Your ever-expanding web resource for the Raleigh Twenty
and other classic small-wheel bicycles.

Internally-Geared Hubs and the Raleigh Twenty

REVISED August 2015

The Raleigh Twenty was variously supplied in 3 forms:

Single-Speed - a basic coaster-brake hub.
2-speed - NZ versions appear mostly supplied with the Sachs Duomatic 2-speed kick-back hub
3-speed - Mostly 3-speed Sturmey-Archer AW hubs, but some were fitted with Shimano hubs

Today, there is a bewildering variety of internally-geared hubs on the market. Sometimes it's hard to chose which one would be most suitable. If you don't want to make modifications to your frame, then go for a hub with a narrower over-locknut-dimension of 120mm or less. Anything wider will require having the rear triangle of the frame spread apart. In researching for this page, I found that there were more than a dozen options out there for people who wanted internally-geared-hubs.

So, why an internally-geared hub? There are several benefits. Less wearing parts means reduce long-term maintenance costs because there are less part to replace. There is reduced maintenance requirements, and less parts to clean. It is almost impossible to throw the chain off the sprockets. You can shift gears whilst stationary - this is the big selling point, especially for people who have to ride in stop-start traffic a lot.



These are excellent top-of-the-range internally-geared hubs, but their wide over-locknut-dimension makes them unsuitable for an unmodified Raleigh Twenty Frame. Both hubs have proven to be quite popular on touring bicycles and would be the ultimate geared-hubs if you are prepared to have your frame's rear triangle spread specifically to fit them.
Rohloff 14-speed (526% gear range) 135mm OLD


Perhaps the ultimate in epicyclic hubs available today - also the singularly most expensive. I would not leave a Rohloff-equipped bicycle outside for long. Only available drilled for 32-spokes. Over-Locknut-Dimension is too big for a Raleigh Twenty frame without spreading the rear triangle.

Shimano 11-speed (409% gear range) 135mm OLD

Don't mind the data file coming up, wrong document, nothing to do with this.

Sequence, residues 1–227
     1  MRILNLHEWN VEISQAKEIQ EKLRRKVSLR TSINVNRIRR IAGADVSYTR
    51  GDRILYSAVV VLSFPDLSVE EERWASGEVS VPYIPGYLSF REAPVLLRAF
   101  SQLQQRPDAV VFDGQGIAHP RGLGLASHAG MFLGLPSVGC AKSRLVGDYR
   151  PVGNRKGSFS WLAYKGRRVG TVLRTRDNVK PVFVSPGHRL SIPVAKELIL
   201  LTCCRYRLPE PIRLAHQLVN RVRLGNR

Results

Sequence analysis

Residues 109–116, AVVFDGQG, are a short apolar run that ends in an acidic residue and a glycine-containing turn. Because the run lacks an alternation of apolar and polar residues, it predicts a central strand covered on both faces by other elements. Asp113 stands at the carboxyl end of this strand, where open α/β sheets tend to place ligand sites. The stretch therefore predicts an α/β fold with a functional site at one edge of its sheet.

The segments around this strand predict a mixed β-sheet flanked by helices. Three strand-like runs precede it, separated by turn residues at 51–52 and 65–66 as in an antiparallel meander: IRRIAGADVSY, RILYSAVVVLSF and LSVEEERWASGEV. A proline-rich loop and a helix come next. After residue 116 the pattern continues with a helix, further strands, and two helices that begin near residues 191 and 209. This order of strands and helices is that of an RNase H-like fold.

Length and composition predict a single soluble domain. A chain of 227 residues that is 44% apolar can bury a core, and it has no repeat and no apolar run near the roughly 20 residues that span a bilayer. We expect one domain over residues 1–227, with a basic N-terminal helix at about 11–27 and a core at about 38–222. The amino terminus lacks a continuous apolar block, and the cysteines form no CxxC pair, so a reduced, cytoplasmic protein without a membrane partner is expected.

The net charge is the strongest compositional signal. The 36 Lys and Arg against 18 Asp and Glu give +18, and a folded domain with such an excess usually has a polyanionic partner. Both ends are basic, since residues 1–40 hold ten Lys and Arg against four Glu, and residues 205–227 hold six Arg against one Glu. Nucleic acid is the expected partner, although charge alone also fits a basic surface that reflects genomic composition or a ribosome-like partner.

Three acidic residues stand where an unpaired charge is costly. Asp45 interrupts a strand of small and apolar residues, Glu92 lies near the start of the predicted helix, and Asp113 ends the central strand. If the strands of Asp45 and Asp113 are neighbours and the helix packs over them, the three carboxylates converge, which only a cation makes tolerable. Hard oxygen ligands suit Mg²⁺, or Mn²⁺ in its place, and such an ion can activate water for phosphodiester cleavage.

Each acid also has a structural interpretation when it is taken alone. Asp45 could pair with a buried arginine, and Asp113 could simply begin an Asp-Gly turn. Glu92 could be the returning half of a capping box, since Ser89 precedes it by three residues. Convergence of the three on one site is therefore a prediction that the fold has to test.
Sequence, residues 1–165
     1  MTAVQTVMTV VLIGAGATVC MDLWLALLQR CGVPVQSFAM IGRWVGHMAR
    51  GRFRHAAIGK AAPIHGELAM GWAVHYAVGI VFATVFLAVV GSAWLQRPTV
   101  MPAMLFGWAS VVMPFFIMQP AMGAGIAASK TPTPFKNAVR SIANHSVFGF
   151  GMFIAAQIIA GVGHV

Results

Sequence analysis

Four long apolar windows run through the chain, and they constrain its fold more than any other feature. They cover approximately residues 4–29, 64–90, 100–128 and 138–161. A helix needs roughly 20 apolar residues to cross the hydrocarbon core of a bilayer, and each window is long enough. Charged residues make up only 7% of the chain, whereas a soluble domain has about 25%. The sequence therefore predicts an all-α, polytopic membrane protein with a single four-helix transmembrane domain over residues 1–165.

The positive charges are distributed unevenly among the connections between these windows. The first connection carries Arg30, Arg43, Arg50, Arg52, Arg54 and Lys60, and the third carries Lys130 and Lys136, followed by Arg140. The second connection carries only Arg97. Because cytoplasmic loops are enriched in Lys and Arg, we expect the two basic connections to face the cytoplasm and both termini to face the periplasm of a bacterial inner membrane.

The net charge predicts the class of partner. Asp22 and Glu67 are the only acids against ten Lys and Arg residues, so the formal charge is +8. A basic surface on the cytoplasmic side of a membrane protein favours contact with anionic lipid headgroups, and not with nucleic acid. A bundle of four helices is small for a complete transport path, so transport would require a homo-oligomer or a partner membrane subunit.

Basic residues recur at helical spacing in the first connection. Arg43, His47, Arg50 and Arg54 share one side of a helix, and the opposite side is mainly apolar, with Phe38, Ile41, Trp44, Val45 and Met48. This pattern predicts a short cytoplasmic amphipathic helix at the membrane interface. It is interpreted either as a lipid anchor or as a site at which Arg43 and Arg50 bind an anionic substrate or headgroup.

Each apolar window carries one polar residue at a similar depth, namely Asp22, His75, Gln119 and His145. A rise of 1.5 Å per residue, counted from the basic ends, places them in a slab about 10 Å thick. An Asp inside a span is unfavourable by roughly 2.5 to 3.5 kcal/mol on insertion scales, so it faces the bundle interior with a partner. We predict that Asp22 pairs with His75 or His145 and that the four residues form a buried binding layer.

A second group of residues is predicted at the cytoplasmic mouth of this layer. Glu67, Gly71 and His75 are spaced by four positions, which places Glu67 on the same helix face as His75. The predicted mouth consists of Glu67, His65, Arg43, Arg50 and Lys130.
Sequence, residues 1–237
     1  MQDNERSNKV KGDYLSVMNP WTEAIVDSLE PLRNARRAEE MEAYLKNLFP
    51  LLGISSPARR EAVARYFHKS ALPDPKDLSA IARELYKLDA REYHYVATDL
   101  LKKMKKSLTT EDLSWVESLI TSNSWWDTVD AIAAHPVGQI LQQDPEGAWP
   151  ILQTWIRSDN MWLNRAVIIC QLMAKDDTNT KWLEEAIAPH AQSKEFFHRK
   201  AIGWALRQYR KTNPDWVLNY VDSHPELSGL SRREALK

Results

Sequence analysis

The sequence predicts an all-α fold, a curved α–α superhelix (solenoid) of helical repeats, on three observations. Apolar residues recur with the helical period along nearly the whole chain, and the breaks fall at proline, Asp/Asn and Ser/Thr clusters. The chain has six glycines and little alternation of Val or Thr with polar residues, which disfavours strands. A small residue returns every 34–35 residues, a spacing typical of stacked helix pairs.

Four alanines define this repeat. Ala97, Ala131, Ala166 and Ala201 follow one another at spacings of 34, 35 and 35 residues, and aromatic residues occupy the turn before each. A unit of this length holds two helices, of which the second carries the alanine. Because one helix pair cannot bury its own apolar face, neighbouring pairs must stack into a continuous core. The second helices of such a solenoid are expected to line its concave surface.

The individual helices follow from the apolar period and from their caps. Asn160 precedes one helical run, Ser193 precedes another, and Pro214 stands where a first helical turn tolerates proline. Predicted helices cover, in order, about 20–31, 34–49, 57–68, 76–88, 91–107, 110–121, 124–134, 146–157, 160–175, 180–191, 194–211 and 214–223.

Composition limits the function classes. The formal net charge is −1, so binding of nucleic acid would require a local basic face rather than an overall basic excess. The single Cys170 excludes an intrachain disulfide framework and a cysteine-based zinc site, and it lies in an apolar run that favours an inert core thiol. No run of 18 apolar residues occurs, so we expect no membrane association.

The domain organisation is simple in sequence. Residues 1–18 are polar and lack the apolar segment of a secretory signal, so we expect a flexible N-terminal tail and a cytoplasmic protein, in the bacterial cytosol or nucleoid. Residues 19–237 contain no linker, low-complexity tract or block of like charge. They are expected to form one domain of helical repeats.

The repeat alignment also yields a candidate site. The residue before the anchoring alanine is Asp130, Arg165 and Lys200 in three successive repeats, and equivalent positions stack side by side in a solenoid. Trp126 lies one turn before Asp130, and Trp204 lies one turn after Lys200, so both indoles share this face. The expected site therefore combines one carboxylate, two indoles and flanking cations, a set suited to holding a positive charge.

The 409% gear range will make it possible to gear a bicycle either as a tourer or a city bicycle. It is possible to get a very good spread. It is about double the price of Shimano's 8-speed hubs. It seems that Shimano used gear ratios which best suit 20" wheels, as a 44t chainring and 18t sprocket produce an excellent touring range of gears  of approximately 23 to 94 gear inches.


These 5 and 8-speed hubs provide a nice wide range for general-purpose riding. Perhaps not ideal for fully-loaded touring (ie where you carry everything including the kitchen sink!), but still a good range of gears for commuter and some loaded touring use. 


Sturmey-Archer X-RF8 8-speed (325% gear range) 120/115mm OLD (see below)

Unique in that gear 1 is direct drive and all other gears are step-ups. It is more difficult to get the super-low gears for touring/load carrying but not impossible. To get low touring gears, you would need to get a fairly small chainwheel and/or the larger sprocket available for this hub.

Like the new (post-2013) 5-speed hubs, there are drum, disc and coaster brake versions, but these all have a larger OLD 132-135mm which make them unsuitable for the Raleigh Twenty without frame modifications. If you want an 8-speed hub, you must be prepared to use the freewheel version and make provision for rim brakes, otherwise have the rear triangle spread to take the wider hubs. 

The X-RF8 comes in a long (185mm) and a short (175mm) axle version. The latter type has an OLD of 120mm, but has an extra (redundant) locknut which when removed reduces the OLD to 115mm. Sheldon Brown used one of these hubs on his Raleigh Twenty. Sheldon's set-up is probably the best arrangement for this hub. He took advantage of the 6 close-spaced gears for most riding with the extra low first-gear as the hill-climbing "bail out" gear and the top "downhill" gear for fast descents since he was against coasting downhill.


Shimano Nexus 8 and Alfine 8 (307% gear range) 130~135mm OLD
Shimano makes two lines of 8-speed hub, the Nexus and Alfine. The former is supposed to be the general-purpose range and the latter the more performance style, but in practice there seems to be little difference in quality between the two. In some ways they are perhaps the ideal hub for a Raleigh Twenty upgrade. Overall, the price of this hub makes it an attractive upgrade. You can fit either a 16 or 18-tooth sprocket. The difference is basically whether you want an extra top gear for flat areas or an extra bottom gear for hill-climbing. Of course, the 130mm OLD means spreading the rear triangle. Available in freewheel, disc and roller-brake versions.

A personal note here is that I'm not fond of the Shimano roller-brakes. They have some sort of bicycle equivalent of ABS, which is meant to prevent the rider from locking up the wheels, but rather disconcertingly means that if you grip harder, the brakes actually slacken off. For a slow-speed beginner rider this might not be an issue, but I am used to the feedback feel that you get from a standard rim or hub brake.